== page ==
PITTSBURG — There are many common misconceptions about bats, to the point that for a long time they were not taken seriously as a subject of biological study. That is not the case at Pittsburg State University, however, where graduate student Amy Hammesfahr gave a presentation March 28 on bats of Kansas and Missouri.
“Bats are pretty diverse, pretty unique, pretty interesting animals, I think, and there’s a lot of myths associated with them,” Hammesfahr said during her recent presentation at PSU sponsored by the Sperry-Galligar Audubon Society. “Also there’s a tremendous amount of threats that bats face.”
Worldwide, there are more than 1,300 species of bats, living on almost every continent. There are also many mistaken beliefs about them.
“Bats are highly, highly misunderstood,” said Hammesfahr, who has been working with bats since 2014. Some of the myths about bats include that they will get stuck in people’s hair, that they lay eggs, or that they are mice with wings. Bats are actually more closely related to humans than they are to rodents, Hammesfahr said.
Another myth about bats is that all of them suck blood, which is not true. Only three species of bats will consume blood, Hammesfahr said, and they do not actually “suck” blood as commonly believed.
People also often believe that all bats have rabies. Only about six percent of bats tested for rabies are actually found to have the disease, Hammesfahr said. Nonetheless if a bat happens to find its way into your home, she advised to get a post-exposure rabies vaccination just in case, although that is also a good idea when you come into contact with any wild mammal, she said.
Bats are also not blind. They can actually see very well, Hammesfahr said, but they generally use their additional ability of echolocation to navigate the landscape and find food.
Bats can also be very beneficial to humans. Because they eat insects, they reduce the need to use pesticides in agricultural areas, and also reduce populations of insects otherwise harmful to humans such as mosquitos.
Hammesfahr also noted that people who enjoy drinking tequila should be grateful for bats, because agave, the plant the liquor is made from, is pollinated by bats and evolved alongside them.
“To study bats and to identify them, it takes a lot of work,” Hammesfahr said. “It’s very tricky. They all look brown, they all look fuzzy and they’re small. So there’s a lot of things you have to do to identify them.”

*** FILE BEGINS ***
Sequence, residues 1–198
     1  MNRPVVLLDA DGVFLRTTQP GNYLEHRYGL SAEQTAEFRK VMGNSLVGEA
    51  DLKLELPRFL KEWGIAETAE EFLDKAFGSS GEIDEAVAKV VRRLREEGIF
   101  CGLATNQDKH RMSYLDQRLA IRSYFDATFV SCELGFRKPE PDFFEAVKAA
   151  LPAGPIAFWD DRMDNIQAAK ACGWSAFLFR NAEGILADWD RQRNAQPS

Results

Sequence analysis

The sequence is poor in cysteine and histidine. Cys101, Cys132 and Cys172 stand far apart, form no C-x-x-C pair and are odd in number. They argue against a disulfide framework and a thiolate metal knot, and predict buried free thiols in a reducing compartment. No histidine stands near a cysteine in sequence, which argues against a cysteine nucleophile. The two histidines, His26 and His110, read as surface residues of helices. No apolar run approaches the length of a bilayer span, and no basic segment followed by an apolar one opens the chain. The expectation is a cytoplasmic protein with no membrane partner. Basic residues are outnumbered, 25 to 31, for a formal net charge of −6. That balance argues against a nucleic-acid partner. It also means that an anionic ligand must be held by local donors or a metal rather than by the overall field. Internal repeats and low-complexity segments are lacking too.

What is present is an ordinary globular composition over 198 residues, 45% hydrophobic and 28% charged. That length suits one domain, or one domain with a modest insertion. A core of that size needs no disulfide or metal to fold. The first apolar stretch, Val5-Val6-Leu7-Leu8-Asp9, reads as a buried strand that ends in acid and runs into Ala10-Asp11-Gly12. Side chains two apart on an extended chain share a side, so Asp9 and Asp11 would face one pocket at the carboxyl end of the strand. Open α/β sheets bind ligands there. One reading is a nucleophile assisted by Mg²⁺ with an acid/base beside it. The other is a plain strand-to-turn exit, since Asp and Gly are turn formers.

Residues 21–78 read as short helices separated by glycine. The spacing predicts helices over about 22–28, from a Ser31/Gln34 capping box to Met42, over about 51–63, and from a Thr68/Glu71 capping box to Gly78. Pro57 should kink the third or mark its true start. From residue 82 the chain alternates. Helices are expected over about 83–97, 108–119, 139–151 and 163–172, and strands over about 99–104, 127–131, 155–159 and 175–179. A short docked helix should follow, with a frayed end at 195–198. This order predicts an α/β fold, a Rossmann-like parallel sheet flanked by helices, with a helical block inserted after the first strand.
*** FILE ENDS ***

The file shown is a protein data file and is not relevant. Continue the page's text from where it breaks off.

Nonetheless, experts have been able to differentiate many species of bats living locally and in nearby areas.
Kansas bat species include the big brown bat, silver-haired bat, hoary bat, eastern red bat, tri-colored bat, evening bat, Townsend's big-eared bat, gray myotis, northern myotis, western small-footed myotis, little brown myotis, and the Brazilian free-tailed bat. The big free-tailed bat may be sometimes present in Missouri as well as in Kansas.
Many of the same bat species found living at times in parts of Kansas can also sometimes be found in Missouri, along with some others including the southeastern myotis, Rafinesque’s big-eared bat, eastern small-footed myotis, and Indiana myotis.
Bats found in Kansas but not in Missouri include the pallid bat, cave myotis, and Yuma myotis.
Some common threats to bats’ survival include deforestation, as well as wind farms, where dead bats are often found, possibly due to their thinking windmills are trees where they can roost.
One of the biggest threats to bats, however, is white-nose syndrome, a fungal infection that has killed millions of North American bats in recent years since first being identified in New York in 2006. Although white-nose syndrome had not been found in Kansas in the early years after its initial detection in the U.S., it was confirmed to have reached the state in 2018, making Kansas the 32nd state to have been impacted by the disease.
If you find dead bats, you should contact state officials, Hammesfahr said. They could be cases of white-nose syndrome. But there are also ways for people to help local bat species continue to survive.
“There’s some really easy things you can do at your own home to support bat populations,” Hammesfahr said. “You can install a bat house. You can also plant native vegetation to attract insects, which will then attract those bats around and provide a good habitat for them.”
You can also help bats by doing something as simple as becoming informed about the misconceptions about them and helping to spread the word that some commonly held beliefs about bats are not true.